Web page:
DOMESTIC violence in the LGBTI community has featured prominently in a recent study by former Governor General Quentin Bryce called Not Now, Not Ever.
Last week, Queensland Premier Annastacia Palaszczuk announced that her government would be implementing all 140 recommendations from Bryce’s landmark report, which is possibly one of the most LGBTI-inclusive government studies into domestic violence in Australia.
“The time is right for action and I believe the community has the will to change,” Palaszczuk said.
“We will now work with Queenslanders across the state to bring about a shift in our attitudes towards domestic and family violence, as well as providing the legal framework to help victims.”
Key recommendations from the report include increasing criminal penalties for domestic and family violence, a new specialised domestic violence court in Southport, crisis centres for Brisbane and Townsville and three response model-trial sites in urban, rural and Indigenous locations.
Several at-risk groups were highlighted in order to build specialised frameworks for improving protection and understanding of the unique issues each face.
For the LGBTI community, this includes threats of “outing” a partner to family, friends and co-workers, problems around reporting same-sex violence to police and more.
“We know that domestic and family violence in LGBTI relationships is often under-reported and people can face barriers in accessing information and support. We want to change that,” state Communities and Women Minister Shannon Fentiman told the Star Observer.
“That’s why we are developing a communication strategy including specifically targeted messages for the LGBTI community, to raise awareness of domestic and family violence, remove the stigmas around reporting and let people know where to go for help.”
In efforts to understand LGBTI-specific issues of domestic violence, one of 15 roundtables was held members of the LGBTI community chaired by state Environment Minister Steven Miles.
Part of the government’s response to the Not Now, Not Ever report will include a greater focus on the role that education and schools can play in changing attitudes of the next generation regarding domestic violence. Discussion of LGBTI relationships and issues are expected to be included within that response.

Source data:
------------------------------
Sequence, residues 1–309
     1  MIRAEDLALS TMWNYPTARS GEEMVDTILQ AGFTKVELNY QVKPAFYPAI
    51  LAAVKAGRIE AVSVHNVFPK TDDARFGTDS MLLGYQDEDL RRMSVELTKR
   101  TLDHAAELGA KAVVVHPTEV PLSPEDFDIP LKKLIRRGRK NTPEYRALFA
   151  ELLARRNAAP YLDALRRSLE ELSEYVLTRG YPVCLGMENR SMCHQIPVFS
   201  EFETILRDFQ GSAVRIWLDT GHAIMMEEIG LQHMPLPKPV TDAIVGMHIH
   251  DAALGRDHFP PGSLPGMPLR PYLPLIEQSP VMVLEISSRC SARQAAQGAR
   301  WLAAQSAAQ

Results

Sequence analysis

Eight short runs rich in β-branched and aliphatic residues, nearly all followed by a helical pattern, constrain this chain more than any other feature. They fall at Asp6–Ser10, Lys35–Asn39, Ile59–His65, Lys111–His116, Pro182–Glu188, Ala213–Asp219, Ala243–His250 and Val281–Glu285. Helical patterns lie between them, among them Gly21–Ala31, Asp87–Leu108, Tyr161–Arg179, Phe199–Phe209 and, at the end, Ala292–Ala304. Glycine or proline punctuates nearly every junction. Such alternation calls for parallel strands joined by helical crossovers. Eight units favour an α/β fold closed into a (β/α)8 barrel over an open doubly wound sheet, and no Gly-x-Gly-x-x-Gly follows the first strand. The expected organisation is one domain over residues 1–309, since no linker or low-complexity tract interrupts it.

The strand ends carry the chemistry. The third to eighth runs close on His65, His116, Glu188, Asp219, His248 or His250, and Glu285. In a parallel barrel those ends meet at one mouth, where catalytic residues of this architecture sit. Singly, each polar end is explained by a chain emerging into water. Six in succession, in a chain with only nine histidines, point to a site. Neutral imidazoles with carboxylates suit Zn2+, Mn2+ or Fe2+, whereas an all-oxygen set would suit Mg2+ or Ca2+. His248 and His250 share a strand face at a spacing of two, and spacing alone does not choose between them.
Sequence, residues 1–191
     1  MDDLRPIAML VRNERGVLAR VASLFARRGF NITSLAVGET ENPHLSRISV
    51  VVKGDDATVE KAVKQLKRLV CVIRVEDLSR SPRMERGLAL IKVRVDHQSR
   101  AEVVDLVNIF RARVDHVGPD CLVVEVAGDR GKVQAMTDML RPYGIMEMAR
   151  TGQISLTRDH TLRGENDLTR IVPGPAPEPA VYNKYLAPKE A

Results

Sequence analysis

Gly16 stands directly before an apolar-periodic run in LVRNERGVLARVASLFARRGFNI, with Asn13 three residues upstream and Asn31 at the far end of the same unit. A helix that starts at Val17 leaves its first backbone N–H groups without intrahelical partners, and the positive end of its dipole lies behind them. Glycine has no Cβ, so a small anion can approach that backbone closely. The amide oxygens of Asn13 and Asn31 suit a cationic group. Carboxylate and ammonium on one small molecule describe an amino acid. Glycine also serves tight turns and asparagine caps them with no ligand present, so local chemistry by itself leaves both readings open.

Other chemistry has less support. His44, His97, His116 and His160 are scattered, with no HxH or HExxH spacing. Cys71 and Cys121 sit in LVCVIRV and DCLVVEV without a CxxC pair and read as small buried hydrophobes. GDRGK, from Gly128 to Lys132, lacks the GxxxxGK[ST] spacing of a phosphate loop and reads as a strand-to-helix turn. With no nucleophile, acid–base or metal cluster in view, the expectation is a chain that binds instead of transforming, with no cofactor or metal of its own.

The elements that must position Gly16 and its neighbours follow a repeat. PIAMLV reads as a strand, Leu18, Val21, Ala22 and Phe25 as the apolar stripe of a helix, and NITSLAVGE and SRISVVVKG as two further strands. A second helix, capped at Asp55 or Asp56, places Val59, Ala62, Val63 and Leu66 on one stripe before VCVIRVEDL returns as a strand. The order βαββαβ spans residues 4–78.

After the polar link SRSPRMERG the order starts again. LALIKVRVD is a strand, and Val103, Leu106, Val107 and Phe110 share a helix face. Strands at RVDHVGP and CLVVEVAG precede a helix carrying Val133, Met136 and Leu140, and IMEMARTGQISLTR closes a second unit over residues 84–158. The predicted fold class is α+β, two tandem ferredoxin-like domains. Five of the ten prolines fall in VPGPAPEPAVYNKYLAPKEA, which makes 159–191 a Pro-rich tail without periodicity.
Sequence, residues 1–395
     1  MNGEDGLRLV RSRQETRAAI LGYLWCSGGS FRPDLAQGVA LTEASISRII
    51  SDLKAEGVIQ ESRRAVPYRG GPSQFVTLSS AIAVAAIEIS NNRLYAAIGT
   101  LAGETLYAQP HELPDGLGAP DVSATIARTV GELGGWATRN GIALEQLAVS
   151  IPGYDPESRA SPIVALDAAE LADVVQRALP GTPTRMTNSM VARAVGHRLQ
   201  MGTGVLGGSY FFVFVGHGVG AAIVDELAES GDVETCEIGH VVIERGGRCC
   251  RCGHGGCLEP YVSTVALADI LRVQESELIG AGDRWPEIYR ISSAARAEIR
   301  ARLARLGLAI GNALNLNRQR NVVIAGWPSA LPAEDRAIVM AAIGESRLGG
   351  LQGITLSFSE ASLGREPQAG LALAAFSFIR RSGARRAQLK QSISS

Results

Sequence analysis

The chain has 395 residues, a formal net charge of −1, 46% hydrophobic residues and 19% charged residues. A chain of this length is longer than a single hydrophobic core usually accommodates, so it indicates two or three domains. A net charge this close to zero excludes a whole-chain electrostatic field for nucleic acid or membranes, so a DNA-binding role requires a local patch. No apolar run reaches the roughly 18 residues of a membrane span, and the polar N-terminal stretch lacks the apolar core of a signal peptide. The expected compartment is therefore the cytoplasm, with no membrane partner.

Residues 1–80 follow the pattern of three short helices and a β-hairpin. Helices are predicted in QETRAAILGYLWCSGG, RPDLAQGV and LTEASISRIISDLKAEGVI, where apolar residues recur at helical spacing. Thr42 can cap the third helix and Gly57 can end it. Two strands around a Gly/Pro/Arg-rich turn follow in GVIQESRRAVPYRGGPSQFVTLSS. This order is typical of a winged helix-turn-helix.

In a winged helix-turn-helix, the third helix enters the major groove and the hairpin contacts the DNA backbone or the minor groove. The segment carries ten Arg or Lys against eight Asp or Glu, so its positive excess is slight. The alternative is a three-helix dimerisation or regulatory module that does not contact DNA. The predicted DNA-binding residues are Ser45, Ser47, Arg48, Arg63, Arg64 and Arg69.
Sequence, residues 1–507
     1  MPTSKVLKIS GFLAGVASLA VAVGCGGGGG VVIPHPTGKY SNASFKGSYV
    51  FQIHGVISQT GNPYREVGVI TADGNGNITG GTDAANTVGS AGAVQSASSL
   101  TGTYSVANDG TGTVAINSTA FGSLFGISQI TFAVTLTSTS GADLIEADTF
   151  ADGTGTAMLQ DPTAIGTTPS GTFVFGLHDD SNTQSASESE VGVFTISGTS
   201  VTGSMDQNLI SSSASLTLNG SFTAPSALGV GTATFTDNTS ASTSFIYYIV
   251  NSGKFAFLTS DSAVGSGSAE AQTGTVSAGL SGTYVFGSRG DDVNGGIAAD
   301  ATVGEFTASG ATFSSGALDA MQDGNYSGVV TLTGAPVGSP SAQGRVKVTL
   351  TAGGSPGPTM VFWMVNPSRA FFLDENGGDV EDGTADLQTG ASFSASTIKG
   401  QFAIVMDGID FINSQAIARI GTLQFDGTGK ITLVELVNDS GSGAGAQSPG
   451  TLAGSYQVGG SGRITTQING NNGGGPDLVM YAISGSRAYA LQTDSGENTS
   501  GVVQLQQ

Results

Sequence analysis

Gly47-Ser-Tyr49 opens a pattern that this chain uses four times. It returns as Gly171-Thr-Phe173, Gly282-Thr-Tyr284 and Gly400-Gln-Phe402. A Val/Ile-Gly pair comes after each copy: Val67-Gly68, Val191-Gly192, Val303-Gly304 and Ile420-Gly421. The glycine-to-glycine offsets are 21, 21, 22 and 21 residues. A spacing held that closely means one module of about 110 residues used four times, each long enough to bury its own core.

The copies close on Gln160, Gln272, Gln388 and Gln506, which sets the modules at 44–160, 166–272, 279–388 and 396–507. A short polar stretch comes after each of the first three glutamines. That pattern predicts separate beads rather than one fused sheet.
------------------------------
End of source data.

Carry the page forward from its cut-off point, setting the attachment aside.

“The government response to the Bryce report recognises the need for a greater focus on strategies that serve to prevent domestic and family violence from occurring in the first place. Schools can play an important role,” a spokesperson for Fentiman told the Star Observer.
“The government will explore opportunities to work with principals, teachers and school communities to promote respectful and healthy relationships as a primary prevention strategy.
“In doing so, the government will draw upon research and consider current best practice in this area to ensure programs meet the intent of addressing attitudes and behaviours that cause harm to others, especially in the context of intimate personal relationships.”
Within the LGBTI section of Bryce’s report, it acknowledges and delves into the specific nature of LGBTI domestic violence, how prevalent it is, stigma and barriers preventing reporting and access to support and its implications for the community.
“Comparatively little data and research exists on the prevalence of domestic violence experienced by people that identify as LGBTI. While focus on this issue is growing, both in academia and in policy, there is general acknowledgement that this violence is largely under-reported, under-researched, and under-responded,” the report reads.
Fentiman said that over four years, an investment of $31.3 million will see the implementation of high-priority initiatives and over the year 2015-16, government funding of over $66 million will be set aside to tackle domestic and family violence.
“Dame Quentin Bryce has given us a detailed blueprint for success. We accept all her recommendations and have developed a government draft strategy which we will now take to the people of Queensland for input,’ she said.
“This is a huge undertaking, from challenging the culture and attitudes which underpin violence, through to the help we offer victims to ensure they are supported and don’t get lost in the system.
“We want to work with communities right across Queensland to make sure we can deliver the support and services which fit specific local needs and, importantly, prevent domestic and family violence occurring in the first place.”
For more information about the government’s response to the Not Now, Not Ever report, visit qld.gov.au/enddomesticandfamilyviolence